I walked into an REI store yesterday, eager to spend my dividends from the past two years (and some of my own money as well). I thought there might be a Patagonia jacket with my name on it. Surely there was something in the cavernous men’s section housed upstairs at this location. It was a warmish day here in Southern California (who can argue with 80 degrees on the first day of December?).
The problem was that the upstairs of this REI store was warm. I noticed it the minute I walked in the store. Air conditioning not working? Good corporate citizenship calling for increasing the thermostat a few degrees in the name of global warming? The problem was, for me, it was too warm. I’m not good at trying on clothes anyway. And nothing makes me want to try on clothes less than when I’m too warm.
THE REAL WORLD RETAILING TAKEAWAY
Nothing turns a shopper off more than an uncomfortable store experience.
We’ve all walked into a store in summer when the air conditioning has broken down. You walk in, then immediately walk back out. And unfortunately, in our patience-less world, we won’t put up with anything less than perfection (we are getting much more picky as a society and our expectations continue to rise).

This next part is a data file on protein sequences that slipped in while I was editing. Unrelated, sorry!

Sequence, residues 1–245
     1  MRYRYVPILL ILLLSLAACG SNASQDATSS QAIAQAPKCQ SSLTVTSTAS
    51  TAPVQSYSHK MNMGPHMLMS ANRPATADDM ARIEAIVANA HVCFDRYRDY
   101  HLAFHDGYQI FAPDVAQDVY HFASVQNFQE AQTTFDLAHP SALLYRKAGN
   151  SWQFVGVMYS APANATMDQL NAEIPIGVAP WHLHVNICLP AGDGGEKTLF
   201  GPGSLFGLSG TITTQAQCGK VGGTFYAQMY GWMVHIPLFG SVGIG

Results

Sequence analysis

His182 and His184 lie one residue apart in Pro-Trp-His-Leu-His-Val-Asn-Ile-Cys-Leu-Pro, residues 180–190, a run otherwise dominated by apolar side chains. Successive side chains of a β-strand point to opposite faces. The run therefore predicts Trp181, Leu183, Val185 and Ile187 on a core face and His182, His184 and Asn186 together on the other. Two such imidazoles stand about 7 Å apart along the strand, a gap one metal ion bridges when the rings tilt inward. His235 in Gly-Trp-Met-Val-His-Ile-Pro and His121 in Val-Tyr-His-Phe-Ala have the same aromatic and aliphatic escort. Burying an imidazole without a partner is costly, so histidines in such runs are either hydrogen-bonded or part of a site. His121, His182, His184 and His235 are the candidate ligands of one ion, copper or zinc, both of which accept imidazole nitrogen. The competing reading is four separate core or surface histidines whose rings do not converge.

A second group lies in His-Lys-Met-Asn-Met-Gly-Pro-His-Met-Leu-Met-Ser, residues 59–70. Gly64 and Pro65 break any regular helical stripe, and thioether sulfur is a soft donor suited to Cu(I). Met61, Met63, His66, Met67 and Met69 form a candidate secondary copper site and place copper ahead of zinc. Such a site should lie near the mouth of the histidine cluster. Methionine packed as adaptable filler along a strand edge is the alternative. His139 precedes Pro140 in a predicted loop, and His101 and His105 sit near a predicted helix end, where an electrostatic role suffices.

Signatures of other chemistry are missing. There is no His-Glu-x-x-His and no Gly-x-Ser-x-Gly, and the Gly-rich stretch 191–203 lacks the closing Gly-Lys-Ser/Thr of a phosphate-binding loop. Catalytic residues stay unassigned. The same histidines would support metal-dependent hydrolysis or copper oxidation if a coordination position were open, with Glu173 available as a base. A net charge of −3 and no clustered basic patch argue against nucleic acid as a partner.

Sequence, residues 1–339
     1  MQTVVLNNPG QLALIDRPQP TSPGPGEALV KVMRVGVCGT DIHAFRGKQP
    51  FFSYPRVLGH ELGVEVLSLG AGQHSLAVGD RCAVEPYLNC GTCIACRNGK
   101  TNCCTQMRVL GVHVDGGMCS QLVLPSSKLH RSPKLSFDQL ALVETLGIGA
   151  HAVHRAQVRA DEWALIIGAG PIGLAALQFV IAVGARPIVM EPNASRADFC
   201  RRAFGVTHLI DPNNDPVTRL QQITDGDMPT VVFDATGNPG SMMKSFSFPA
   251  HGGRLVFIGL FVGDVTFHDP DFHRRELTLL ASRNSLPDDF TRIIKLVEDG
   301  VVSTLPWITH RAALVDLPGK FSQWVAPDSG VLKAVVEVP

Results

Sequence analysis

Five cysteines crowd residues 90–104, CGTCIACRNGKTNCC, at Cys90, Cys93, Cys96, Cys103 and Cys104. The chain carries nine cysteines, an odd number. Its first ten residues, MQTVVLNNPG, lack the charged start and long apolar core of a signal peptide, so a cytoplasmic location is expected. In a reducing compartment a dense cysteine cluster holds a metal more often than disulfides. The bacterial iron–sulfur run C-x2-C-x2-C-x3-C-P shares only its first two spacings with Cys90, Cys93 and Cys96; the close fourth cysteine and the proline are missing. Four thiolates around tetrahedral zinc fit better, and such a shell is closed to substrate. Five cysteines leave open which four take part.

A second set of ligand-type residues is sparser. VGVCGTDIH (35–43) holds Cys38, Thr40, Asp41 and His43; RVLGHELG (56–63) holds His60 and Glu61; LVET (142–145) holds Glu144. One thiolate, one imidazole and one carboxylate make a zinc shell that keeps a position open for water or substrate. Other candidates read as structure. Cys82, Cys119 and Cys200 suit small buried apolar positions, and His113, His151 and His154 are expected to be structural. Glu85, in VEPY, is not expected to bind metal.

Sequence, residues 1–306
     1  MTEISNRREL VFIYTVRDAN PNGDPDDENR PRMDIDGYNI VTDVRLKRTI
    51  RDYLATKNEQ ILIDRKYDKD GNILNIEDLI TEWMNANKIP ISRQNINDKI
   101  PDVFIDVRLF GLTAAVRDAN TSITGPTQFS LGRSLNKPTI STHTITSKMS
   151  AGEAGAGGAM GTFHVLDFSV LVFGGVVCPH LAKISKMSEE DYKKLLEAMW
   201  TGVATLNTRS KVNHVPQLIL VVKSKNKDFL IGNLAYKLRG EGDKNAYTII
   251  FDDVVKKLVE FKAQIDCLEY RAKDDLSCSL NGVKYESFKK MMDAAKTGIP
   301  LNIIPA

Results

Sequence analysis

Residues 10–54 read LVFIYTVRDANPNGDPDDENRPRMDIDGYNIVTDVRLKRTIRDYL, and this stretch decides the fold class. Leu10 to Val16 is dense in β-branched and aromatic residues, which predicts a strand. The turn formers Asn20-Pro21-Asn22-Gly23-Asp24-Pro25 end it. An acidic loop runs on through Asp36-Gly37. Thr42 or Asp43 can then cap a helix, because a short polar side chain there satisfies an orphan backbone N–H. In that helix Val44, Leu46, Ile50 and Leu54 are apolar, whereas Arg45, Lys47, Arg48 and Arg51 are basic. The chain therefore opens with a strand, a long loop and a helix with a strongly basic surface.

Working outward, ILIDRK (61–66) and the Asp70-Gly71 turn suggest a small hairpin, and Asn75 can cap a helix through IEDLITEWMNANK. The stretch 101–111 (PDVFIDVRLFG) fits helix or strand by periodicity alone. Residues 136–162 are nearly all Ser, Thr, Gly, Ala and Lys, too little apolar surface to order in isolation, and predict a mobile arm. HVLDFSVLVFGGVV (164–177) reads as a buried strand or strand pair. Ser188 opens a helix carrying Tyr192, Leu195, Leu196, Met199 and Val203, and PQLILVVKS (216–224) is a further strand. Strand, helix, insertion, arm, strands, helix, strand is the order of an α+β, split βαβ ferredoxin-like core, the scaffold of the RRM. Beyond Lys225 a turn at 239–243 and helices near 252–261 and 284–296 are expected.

Remember, it’s not about you. You have to make sure your store is comfortable for your customers. If that means you have to throw on a shawl, a cardigan, a crocheted poncho or any other item to warm up a bit, then do it. Your customers will thank you for keeping the store cool enough to try on clothes and will linger in your store longer (and potentially spend more). Plus, you’ll save a few bucks on your energy bill this winter.
How are you providing a great store experience for your customers?
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